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HomePerspectivesNL East 2021 Season Preview: The Atlanta Braves

NL East 2021 Season Preview: The Atlanta Braves

Since moving to the National League East in 1994, the Atlanta Braves and Montreal Expos/Washington Nationals has been one of the best rivalries in baseball and 2021 looks to be more of the same.


Some teams were thrown off by the chaos of the pandemic-shortened 2020 season, but the Atlanta Braves didn’t miss a beat, winning their third straight division title and their 15th NL East Crown in the last 25 seasons. Despite their regular-season dominance, Atlanta failed to reach the World Series again, losing to the eventual champion Los Angeles Dodgers in game 7 of the NLCS.

Although some are picking the new-look New York Mets to win the east this year, the Braves have made improvements to their roster as well. What remains to be seen is if General Manager and President of Baseball Operations Alex Anthopoulos has made enough moves to help them win their second World Series since moving to Atlanta 54 years ago.

Led by National League MVP Freddie Freeman, the Braves’ Offense finished at or near the top of the league in every major category in the 2020 season.  Besides Freeman, Atlanta also has one of the league’s brightest young stars in Ronald Acuna. In the 2019 season, the 23-year-old Acuna hit 41 home runs and stole 37 bases to win his first Silver Slugger award.

The Braves also re-signed slugger Marcell Ozuna, who hit a career-best .338 with a league-leading 18 home runs during the pandemic-shortened season. Besides these superstars, Atlanta’s lineup also has veteran catcher Travis d’Arnaud, and rising stars in 2B Ozzie Albies, SS Dansby Swanson, 3B Austin Riley and rookie center fielder Cristian Pache. The bench will be led by Ender Inciarte, unless Pache falters, and could be bolstered by Jason Kipnis and Pablo Sandoval, who have both been invited to Spring Training.

2021 NL East Preview Series

Although their pitching staff was marred with injuries during the 2020 season, the Braves were still good enough to finish in the middle of the pack in most major pitching categories. Atlanta’s rotation has a ton of potential, boasting four former first-round picks in Max Fried (2012), Mike Soroka (2015), Ian Anderson (2016) and Kyle Wright (2017).

Fried earned a team-leading seven wins in 11 starts last season and rookie Ian Anderson posted a team-best 1.95 ERA. Soroka, who led the Braves with a 2.68 ERA in 2019, missed much of last season with an injured achilles, but is likely to return early in the season. The front office decided to add some veteran experience to this group by signing free agents Charlie Morton and Drew Smyly. In the last four seasons, Morton has a combined 3.38 ERA and started 11 playoff games, winning seven.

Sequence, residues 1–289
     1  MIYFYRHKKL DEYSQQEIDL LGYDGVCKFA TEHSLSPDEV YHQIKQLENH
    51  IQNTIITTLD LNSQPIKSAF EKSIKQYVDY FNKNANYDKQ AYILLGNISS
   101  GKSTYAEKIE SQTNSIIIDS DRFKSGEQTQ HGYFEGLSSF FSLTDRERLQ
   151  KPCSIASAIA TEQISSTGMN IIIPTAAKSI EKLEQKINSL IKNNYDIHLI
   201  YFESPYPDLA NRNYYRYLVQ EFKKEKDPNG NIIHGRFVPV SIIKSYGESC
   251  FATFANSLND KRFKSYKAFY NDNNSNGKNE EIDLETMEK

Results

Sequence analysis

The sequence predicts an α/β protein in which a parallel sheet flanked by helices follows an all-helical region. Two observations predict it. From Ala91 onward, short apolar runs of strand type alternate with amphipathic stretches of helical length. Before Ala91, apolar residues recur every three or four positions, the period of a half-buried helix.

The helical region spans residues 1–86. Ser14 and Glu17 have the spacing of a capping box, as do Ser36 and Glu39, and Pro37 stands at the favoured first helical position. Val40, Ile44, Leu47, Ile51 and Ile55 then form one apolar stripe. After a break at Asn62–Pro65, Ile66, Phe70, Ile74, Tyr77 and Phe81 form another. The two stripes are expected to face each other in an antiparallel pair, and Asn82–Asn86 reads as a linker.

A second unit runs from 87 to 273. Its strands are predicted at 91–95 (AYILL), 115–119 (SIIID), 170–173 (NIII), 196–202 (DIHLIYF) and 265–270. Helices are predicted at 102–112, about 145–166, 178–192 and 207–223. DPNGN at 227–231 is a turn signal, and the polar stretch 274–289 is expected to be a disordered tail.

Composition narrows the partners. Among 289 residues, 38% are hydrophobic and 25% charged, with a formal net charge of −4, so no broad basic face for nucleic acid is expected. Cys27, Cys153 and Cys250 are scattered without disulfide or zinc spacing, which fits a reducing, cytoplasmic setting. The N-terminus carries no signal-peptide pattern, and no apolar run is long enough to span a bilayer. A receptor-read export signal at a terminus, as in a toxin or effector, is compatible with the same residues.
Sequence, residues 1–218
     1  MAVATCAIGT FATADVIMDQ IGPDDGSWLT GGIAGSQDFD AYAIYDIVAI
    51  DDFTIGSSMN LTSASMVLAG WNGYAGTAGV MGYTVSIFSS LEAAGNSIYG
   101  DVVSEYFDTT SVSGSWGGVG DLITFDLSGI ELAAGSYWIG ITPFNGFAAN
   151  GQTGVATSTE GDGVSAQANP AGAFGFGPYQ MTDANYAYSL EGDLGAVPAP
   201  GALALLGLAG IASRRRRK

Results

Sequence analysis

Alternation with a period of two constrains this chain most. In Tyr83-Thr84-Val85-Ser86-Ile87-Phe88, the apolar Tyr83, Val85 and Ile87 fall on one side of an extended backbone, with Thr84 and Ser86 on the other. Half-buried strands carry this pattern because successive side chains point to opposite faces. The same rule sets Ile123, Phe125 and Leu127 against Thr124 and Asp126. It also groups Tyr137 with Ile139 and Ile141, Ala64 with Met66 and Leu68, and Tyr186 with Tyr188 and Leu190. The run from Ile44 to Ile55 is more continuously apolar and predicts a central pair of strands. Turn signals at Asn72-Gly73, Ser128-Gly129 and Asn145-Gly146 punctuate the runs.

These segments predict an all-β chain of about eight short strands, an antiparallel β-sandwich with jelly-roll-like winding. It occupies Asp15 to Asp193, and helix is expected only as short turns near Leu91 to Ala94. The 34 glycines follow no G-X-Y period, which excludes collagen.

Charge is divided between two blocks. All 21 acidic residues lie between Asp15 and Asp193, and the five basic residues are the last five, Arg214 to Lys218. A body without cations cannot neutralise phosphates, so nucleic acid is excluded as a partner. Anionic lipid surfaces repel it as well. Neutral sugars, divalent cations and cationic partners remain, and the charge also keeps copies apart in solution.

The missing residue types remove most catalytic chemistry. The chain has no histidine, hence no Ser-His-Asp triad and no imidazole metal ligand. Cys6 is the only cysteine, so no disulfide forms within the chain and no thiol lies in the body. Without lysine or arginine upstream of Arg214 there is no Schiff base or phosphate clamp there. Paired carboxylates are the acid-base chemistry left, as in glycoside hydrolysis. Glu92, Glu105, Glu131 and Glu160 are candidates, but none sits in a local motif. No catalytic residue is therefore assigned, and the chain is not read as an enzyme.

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While the starters didn’t have a great 2020 season, the bullpen was one of Atlanta’s strengths, posting the fourth best ERA in the majors at 3.50. Some relievers like former-Nat Mark Melancon and Darren O’Day are gone, but there is a strong core returning. As of now, veteran Will Smith will take over closing duties and Chris Martin will likely be his set-up man. Manager Brian Snitker can also rely on Josh Tomlin, Grant Dayton, AJ Minter and Tyler Matzek, who all had strong seasons in 2020 and will likely be called on again to protect leads in 2021.

While they haven’t made the big splashes like some of their division rivals during the offseason, the 2021 Atlanta Braves are bringing back a foundation of star position players that made them one of the best offenses in baseball last season. Due to injuries, their young pitchers were forced into leadership roles last season, but all of them showed signs of why they were top draft picks and will continue to build on their success. Atlanta’s bullpen may be slightly weaker than last year. However, with the amount of runs their offense will score, I don’t think it will really matter in the regular season and their general manager will have opportunities to upgrade if needed. The Braves have been the division champs three years in a row and (barring injury) 2021 will likely be no different. 

National’s angle

Since moving to the National League East in 1994, the Atlanta Braves and Montreal Expos/Washington Nationals has been one of the best rivalries in baseball and 2021 looks to be more of the same. The Braves won six times in 10 meetings last season, but the Nats are still eight games over .500 (143-135) against their division rivals since moving to DC in 2005. Everyone knows that  Atlanta has a heavy-hitting lineup and Washington has a lockdown pitching staff, so the season series will likely come down to how the new-look Nationals’ offense matches up with the Braves’ young, but talented pitching staff. Washington and Atlanta are pretty evenly matched and there aren’t any doormats in the division this season, so health and record outside the division will likely determine if the Nats can dethrone the reigning division champs.  


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